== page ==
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Groceries Code Adjudicator Act 2013

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This is the original version (as it was originally enacted).

Groceries Code Adjudicator Act 2013

2013 CHAPTER 19

An Act to set up a Groceries Code Adjudicator with the role of enforcing the Groceries Code and encouraging compliance with it.

[25th April 2013]

Be it enacted by the Queen’s most Excellent Majesty, by and with the advice and consent of the Lords Spiritual and Temporal, and Commons, in this present Parliament assembled, and by the authority of the same, as follows:—

Introduction

1The Adjudicator

A Groceries Code Adjudicator is established (see Schedule 1).

How does the Adjudicator arbitrate disputes?

2Arbitration

(1)If a supplier refers a dispute to arbitration under the Groceries Supply Order, the Adjudicator must either—

(a)arbitrate the dispute; or

(b)appoint another person to arbitrate.

(2)If a large retailer refers a dispute to arbitration under a supply agreement, the Adjudicator may accept appointment as the arbitrator.

3Information about arbitration

(1)If the Adjudicator appoints another person as arbitrator under section 2(1)(b), the Adjudicator may require the arbitrator, or a party to the dispute, to provide information to assist the Adjudicator in carrying out functions under this Act.

(2)The Adjudicator may enforce the requirement to provide information by bringing civil proceedings to obtain—

(a)in England and Wales or Northern Ireland, an injunction; or

(b)in Scotland, an order for specific performance under section 45 of the Court of Session Act 1988.

How does the Adjudicator carry out investigations and enforce their findings?

4Investigations

(1)The Adjudicator may investigate whether a large retailer has broken the Groceries Code if the Adjudicator has reasonable grounds to suspect that—

(a)the retailer has broken the Code; or

(b)the retailer has failed to follow a recommendation made under section 7.

(2)For powers to require a person to provide information, see Schedule 2.

(3)The Adjudicator may not carry out an investigation until the guidance required by section 12(1) has been published.

5Investigation reports

(1)Following an investigation the Adjudicator must—

(a)publish a report on the outcome of the investigation; and

(b)consider whether to use any of the enforcement powers mentioned in section 6.

(2)An investigation report must, in particular, specify—

(a)any findings that the Adjudicator has made;

(b)any action that the Adjudicator has taken or proposes to take; and

(c)the reasons for the findings and any action taken or proposed.

(3)It is not necessary for an investigation report to identify the retailer concerned.

(4)If a retailer is identified in a report, the retailer must have been given a reasonable opportunity to comment on a draft of the report before publication.

6Investigations: forms of enforcement

If, as a result of an investigation, the Adjudicator is satisfied that a large retailer has broken the Groceries Code, the Adjudicator may take one or more of the following enforcement measures—

(a)make recommendations;

(b)require information to be published;

(c)impose financial penalties.

7Investigations: enforcement using recommendations

(1)If the Adjudicator chooses to enforce through making recommendations, that means recommending what the large retailer should do in order to comply with the Groceries Code.

(2)The Adjudicator must monitor whether a recommendation has been followed.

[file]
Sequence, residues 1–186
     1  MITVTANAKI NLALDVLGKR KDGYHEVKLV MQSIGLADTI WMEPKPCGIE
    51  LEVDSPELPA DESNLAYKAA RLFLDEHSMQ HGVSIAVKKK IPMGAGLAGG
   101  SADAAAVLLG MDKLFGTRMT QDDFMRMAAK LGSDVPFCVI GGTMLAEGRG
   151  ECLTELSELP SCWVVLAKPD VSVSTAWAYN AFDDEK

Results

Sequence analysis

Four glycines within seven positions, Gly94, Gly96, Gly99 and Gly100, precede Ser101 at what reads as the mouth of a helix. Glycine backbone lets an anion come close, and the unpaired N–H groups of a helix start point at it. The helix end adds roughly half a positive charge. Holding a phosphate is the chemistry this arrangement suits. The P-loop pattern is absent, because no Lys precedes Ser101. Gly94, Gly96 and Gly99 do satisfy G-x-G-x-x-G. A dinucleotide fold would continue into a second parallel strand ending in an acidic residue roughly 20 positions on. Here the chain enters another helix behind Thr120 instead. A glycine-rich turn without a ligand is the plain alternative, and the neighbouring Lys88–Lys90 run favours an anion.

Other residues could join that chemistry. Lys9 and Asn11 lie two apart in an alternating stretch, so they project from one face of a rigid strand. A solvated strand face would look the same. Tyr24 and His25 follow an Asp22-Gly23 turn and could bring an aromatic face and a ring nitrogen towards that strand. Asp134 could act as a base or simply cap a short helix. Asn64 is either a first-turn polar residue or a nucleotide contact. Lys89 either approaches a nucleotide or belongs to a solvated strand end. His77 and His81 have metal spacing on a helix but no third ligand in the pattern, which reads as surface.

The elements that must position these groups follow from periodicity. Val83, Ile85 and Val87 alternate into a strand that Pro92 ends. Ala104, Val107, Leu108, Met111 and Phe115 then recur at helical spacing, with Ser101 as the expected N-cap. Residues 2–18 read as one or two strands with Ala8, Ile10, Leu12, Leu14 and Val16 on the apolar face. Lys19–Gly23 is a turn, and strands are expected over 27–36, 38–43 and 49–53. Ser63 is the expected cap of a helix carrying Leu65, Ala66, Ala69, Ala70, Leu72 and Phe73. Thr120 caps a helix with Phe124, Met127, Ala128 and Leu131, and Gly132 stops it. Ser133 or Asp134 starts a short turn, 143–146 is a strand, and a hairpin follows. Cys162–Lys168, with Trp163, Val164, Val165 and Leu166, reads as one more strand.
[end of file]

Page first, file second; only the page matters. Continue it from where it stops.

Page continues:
(3)For powers to require a person to provide information, see Schedule 2.

8Investigations: enforcement using requirements to publish information

(1)If the Adjudicator chooses to enforce through requiring information to be published, that means requiring the large retailer to publish information relating to the investigation.

(2)The publication requirement is imposed by giving written notice to the large retailer specifying—

(a)what information is to be published;

(b)how it must be published; and

(c)the time by which it must be published.

(3)The Adjudicator may enforce the requirement to publish information by bringing civil proceedings to obtain—

(a)in England and Wales or Northern Ireland, an injunction or any other appropriate remedy or relief; or

(b)in Scotland, an order for specific performance under section 45 of the Court of Session Act 1988 or any other appropriate remedy or relief.

9Investigations: enforcement using financial penalties

(1)If the Adjudicator chooses to enforce through imposing financial penalties, that means imposing a penalty on the large retailer of an amount not exceeding the amount of the permitted maximum (see subsection (6)).

(2)The financial penalty is imposed by giving the large retailer written notice specifying—

(a)the grounds for imposing the penalty;

(b)the amount of the penalty;

(c)the period within which it must be paid; and

(d)how it must be paid.

(3)The large retailer may appeal against the imposition of a financial penalty or its amount—

(a)to the High Court, in England and Wales or Northern Ireland; or

(b)to the Court of Session, in Scotland.

(4)Financial penalties under this section are recoverable by the Adjudicator as a debt.

(5)Financial penalties received by the Adjudicator must be paid into the Consolidated Fund.

(6)The Secretary of State must make an order—

(a)specifying the amount of the permitted maximum, or

(b)specifying how that amount is to be determined.

(7)The Adjudicator must, within 6 months beginning with the day on which section 1 comes into force, make a recommendation as to the amount that should be specified in the first order under subsection (6) or the method for determining the amount.

(8)Before making a recommendation the Adjudicator must consult any person he or she thinks appropriate.

(9)The Secretary of State—

(a)must have regard to the Adjudicator’s recommendation when making the first order under subsection (6);